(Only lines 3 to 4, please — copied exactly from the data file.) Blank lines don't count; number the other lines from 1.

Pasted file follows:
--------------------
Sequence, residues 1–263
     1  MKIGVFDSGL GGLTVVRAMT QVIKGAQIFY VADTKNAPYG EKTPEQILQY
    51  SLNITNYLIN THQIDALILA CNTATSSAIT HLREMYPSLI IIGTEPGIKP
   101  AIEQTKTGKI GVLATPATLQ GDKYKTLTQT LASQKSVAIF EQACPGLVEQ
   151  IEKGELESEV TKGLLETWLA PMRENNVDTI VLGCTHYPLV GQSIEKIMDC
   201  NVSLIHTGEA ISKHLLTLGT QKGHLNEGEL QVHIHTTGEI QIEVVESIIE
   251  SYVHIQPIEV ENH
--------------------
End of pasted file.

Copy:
    51  SLNITNYLIN THQIDALILA CNTATSSAIT HLREMYPSLI IIGTEPGIKP
   101  AIEQTKTGKI GVLATPATLQ GDKYKTLTQT LASQKSVAIF EQACPGLVEQ